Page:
Tuesday, August 14, 2012

Lessons from Short-Straw Bride by Karen Witemeyer

Photo by njaj at freedigitalphotos.net
I just finished reading Short-Straw Bride by Karen Witemeyer, may I just say, I was enthralled. Karen wove a beautiful story with such AWESOME (hear me in a sing-song-voice!) romance. Seriously, the romance in this book was tangible and swoon-worthy, and kept me turning the page awaiting for more.

But what really struck me was the underlying lesson to be learned through Karen's story.

First, let me tell you a bit about the story. Travis Archer and his four brothers were sworn by a dying father to protect their land at all cost. In doing so, the Archer brothers become recluses, never stepping off the land, and striking fear to any and all trespassers. It's when Meredith Hayes comes to deliver a warning that things go awry and she becomes the bride of one of the Archer men. It's a story of budding love and trust in one another.

What stood out to me was the whole idea of the Archer men not leaving the land. EVER. They had a friend come to them to barter for supplies and food, but they never stepped off the land. So once Meredith entered the picture, Travis is forced to deal with her wanting to go to town and teach at the freedmen's school. Travis fears for her safety, for he cannot protect her beyond the borders of his land. What's interesting is that he could have gone with her as her body guard, but he doesn't. He doesn't leave the land, because he must protect the land. He ends up trusting her to God as she goes to teach, which is great, but the thing is, he still doesn't trust God enough to step off the land himself.

Not only do the Archer men not leave the land, they do not tolerate trespassers. They carry rifles and shoot at those who come on their land, hoping to scare them off and leave them alone. They live in fear, really. It is only when a friend of Meredith's comes looking for work, that they give in and allow them to stay. It isn't easy, but because they trust Meredith, they allow the newcomers in. (and are eventually blessed by that!)

As these men meet more people through Meredith's influence, they step out of their comfort zone and step off the land. They are met with others who come to their aid. They are supported. They didn't have to fear, for they found friendship.

And this is a message for us today. So often the busyness of life keeps us in our own little bubble. When we do have free time, all we want to do is hole up and be at home. We want to bury our nose in a book, or a movie, or lose ourselves in the stories we weave, ignoring the world around us.

But that is not what God wants from us. Look at Jesus and His ministry. He was with people a lot of the time. He ate with sinners, healed the sick, cast out demons, and cared for the people around Him. Sure, he had time alone, praying by Himself, praying with his disciples, but He spent the majority of his time loving people.

We need to be with others. Yes, writers must have time alone to write, but Jesus has a mission in this world and it is to love. To love Him and to love others. We need to connect with others and live life outside of our bubble. It's in this reality that we experience life...life you can write about!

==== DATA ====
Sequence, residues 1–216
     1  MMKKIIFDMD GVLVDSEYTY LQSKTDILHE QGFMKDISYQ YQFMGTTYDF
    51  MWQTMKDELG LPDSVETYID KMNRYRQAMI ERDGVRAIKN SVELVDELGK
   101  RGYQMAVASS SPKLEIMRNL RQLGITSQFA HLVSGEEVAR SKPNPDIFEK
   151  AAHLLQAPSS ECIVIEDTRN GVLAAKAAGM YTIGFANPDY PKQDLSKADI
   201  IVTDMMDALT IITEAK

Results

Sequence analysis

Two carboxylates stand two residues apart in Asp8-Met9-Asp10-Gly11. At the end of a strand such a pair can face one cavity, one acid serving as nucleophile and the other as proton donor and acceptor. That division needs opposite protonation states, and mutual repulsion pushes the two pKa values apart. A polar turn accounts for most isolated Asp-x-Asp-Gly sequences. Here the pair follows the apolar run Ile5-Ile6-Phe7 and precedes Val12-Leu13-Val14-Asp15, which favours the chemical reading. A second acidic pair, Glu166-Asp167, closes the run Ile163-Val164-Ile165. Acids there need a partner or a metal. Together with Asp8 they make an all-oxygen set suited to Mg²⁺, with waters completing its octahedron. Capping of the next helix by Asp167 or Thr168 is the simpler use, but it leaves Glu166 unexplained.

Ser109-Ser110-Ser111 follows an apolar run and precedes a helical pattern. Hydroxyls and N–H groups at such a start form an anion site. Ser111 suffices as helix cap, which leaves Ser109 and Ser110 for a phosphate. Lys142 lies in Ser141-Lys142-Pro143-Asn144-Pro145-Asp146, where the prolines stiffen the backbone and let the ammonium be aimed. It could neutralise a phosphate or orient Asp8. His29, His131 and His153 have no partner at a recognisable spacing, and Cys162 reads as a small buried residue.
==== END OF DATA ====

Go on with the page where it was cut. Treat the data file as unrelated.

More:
Have you been living in a bubble? How have you made the effort to get out of your bubble and live life? How will you, if you haven't already?

This post is brought to you by
 Sherrinda Ketchersid

Sherrinda is wife to "Pastor John" and mother to three giant sons and one gorgeous daughter. A born and bred Texan, she writes historical romance filled with fun, faith, and forever love.


Lindsay Harrel said...

Great thoughts! I read Short-Straw Bride and loved it, but didn't take the time to analyze it like you have here. I really like your analysis. We have to be the light to the world. If we don't, who will?

Jeanne T said...

Loved this post, Sherrinda! I haven't gotten to read this book yet, but I want to. Even more now that've I read your thoughts on it. :)

Isn't it amazing how much life can change and grow richer when we learn to trust God and people? Sometimes learning to trust people begins by taking a step to get to know them a little first.

Thanks for sharing your take on this book and about the great lessons you gleaned from it. :)

Mary Vee Writer said...

I often read books for the fun and then am amazed and pleased when someone like Sherrinda draws me back into the story with great thoughts.

Mary Vee Writer said...

Jeanne T
I agree. Sherrinda brings out the difficult duty of stepping out of our writer's hermit mode to meet and appreciate the wonderful people around us. That first step...seems so big.

Sarah Forgrave said...

Great post, Sherrinda! I just downloaded Short-Straw Bride on my Kindle this morning and can't wait to dive in. :)

As for life, I've been in a bubble of entertaining kids all summer. With preschool starting this week, I'm excited to pop out of that bubble once in a while and visit you lovely ladies at the Alley. :)

Sherrinda Ketchersid said...

Thanks, Lindsay. I think it is something that alot of writers struggle with...getting out of our holes and really living!

Sherrinda Ketchersid said...

Jeanne, I think you will LOVE the book! It really is a great story, with such a good romance. :)

Sherrinda Ketchersid said...

Mary, it's kinda funny, but I don't always get "lessons" from books. Alot of times they are just great stories...with is AWESOME, but when I hear God speak, well, it just makes the book come alive for me.

Sherrinda Ketchersid said...

Sarah!!!! Miss you, sweet girl! I'm so glad you are able to get out and about a bit now. Mom's definitely need some time alone or just to socialize. Come visit as often as you can!!!

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